Friday, 13 September 2013 12:23

Parkinson's disease: aetiology with genome analysis and stem cells Featured

The research project, called COURAGE PD, supported by eight EU Member States which are managed by Tübingen researchers and funded with about euro 4,7 million wants to clarify which genes and what kind of environmental factors are responsible for the development of palsy (Parkinson's). In order to do this genome - wide analysisare combined, epidemiological data and results from stem cells obtained from patients own cells are combined.

The project is part of the largest global research initiative "Joint Programming for Neurodegenerative Diseases (JPND) ". Aim is an European-wide bundling and strengthening of research on age-related, neurodegenerative diseases.

In recent years several genetic defects were found that can cause a Parkinson's disease. "However, every single mutation is able to explain only a very small number of disorders.

"For most cases of hereditary Parkinson's, the genetic causes are unknown", Professor Dr. Thomas Gasser, Chairman of the Board at Hertie Institute for Clinical Brain Research (HIH) of Tübingen University Hospital and also coordinator of clinical research at the site of the Tübingen German Centre for Neurodegenerative Diseases (DZNE) explains. The epidemiological research in this field have also made ​​progress. Further he reports: "We know factors such as coffee or nicotine which seems to protect against the disease, while others such as head injuries or pesticides appear to increase the risk. But in which way these factos interact and intervene in pathomechanism is unknown."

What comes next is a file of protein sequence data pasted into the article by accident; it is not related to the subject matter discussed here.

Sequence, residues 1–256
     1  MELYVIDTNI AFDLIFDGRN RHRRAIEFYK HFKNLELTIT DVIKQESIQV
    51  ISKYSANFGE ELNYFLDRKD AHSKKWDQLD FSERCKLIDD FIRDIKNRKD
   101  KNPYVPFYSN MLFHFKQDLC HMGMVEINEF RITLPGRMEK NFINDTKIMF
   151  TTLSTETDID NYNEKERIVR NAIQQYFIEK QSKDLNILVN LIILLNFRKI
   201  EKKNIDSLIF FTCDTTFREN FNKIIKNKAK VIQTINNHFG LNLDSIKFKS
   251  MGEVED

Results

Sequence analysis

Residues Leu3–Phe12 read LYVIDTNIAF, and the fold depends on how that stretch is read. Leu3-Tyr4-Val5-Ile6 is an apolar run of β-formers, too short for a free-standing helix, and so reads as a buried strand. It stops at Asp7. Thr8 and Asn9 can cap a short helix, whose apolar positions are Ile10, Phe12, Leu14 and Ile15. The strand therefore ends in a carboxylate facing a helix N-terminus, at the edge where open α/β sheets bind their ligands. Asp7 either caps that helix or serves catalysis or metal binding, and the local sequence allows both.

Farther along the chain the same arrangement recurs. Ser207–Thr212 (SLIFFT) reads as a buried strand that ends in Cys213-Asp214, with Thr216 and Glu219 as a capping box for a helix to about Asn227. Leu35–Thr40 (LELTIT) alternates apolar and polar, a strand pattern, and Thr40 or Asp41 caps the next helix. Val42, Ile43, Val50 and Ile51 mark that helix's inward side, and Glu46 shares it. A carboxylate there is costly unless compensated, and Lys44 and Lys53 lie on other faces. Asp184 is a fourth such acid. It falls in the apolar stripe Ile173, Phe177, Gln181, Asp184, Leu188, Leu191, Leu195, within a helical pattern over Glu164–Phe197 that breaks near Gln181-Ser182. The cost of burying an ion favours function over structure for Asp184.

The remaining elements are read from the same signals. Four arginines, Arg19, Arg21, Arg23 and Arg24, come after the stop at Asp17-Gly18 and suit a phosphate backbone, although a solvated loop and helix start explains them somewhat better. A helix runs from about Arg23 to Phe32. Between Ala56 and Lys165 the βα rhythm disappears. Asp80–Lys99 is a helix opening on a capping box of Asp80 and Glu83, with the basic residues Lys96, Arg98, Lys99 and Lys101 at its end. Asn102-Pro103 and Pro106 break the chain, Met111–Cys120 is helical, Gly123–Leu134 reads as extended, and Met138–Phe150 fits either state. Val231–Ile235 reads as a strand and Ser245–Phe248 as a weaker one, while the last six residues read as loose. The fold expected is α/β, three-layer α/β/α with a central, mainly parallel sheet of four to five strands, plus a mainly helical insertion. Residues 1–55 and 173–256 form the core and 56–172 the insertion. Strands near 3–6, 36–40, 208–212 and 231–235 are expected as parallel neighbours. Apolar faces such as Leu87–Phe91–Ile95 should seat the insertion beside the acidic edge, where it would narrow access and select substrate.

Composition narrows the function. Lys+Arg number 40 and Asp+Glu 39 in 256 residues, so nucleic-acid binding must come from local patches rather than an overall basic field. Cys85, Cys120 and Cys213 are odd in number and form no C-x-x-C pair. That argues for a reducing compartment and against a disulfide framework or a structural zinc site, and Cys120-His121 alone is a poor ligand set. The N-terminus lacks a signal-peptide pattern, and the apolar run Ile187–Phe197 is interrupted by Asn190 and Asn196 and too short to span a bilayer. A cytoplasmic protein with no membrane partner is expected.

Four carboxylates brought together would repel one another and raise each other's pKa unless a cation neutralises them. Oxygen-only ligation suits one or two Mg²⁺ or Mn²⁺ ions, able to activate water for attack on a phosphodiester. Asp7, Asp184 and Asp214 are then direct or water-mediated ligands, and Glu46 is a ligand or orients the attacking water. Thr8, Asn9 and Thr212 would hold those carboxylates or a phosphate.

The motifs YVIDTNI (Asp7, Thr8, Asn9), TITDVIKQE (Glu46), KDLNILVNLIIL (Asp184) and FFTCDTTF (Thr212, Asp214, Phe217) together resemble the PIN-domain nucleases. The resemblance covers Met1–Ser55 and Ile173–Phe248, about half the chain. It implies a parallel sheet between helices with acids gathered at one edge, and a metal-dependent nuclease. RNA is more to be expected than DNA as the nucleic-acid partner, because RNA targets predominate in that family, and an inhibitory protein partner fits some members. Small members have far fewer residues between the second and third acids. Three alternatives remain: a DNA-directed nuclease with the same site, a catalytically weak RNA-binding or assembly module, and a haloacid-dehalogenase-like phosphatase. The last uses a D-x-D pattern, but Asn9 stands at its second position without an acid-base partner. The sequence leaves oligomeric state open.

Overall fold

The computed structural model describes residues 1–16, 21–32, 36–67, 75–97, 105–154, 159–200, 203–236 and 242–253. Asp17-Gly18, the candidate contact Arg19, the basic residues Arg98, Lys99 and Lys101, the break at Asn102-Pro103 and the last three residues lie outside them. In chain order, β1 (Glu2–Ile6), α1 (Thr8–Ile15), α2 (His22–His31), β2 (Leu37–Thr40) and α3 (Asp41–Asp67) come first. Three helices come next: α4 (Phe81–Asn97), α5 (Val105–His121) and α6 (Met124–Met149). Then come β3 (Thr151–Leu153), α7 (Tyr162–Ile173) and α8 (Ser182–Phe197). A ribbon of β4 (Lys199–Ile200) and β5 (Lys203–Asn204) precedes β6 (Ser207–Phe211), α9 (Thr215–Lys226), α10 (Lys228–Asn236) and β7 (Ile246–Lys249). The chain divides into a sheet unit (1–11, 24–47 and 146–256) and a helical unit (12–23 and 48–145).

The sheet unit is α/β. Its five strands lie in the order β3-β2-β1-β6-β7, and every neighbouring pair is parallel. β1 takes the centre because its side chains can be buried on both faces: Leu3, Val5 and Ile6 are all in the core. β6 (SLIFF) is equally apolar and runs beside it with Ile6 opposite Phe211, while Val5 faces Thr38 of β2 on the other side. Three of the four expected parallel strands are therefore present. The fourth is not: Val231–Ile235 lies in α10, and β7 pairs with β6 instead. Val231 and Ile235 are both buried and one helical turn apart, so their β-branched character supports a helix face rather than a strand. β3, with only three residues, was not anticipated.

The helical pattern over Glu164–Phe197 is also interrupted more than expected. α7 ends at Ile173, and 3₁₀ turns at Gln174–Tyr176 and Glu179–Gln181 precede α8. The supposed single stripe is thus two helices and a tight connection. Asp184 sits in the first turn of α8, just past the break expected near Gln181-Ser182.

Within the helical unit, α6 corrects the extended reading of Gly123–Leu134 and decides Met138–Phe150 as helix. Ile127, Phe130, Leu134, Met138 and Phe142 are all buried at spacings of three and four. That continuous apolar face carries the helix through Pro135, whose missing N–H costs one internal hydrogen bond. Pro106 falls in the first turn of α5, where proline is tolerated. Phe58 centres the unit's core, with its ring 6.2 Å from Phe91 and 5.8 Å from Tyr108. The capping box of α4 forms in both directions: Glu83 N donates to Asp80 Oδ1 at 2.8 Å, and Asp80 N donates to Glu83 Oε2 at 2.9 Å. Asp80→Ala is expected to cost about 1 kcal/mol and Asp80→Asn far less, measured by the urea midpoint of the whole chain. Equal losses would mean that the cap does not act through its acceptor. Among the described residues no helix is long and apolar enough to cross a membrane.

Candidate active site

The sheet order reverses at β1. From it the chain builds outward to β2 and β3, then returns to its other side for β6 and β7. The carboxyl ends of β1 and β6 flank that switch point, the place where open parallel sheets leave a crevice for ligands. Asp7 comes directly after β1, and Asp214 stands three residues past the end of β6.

New technologies for genome analysis and the generation of stem cells should close these gaps now. Nowadays, stem cells can be bred from the skin of affected patients.

Together with neuroscientists from eight other countries the Tübingen team wants to analyse the entire genome from 300 patients with particular genetic family history. In another project, the brain researchers want to examine more closely the genomes of 500 other persons for whom risk genes are already found by means of a so-called "deep sequencing".

Source (in German):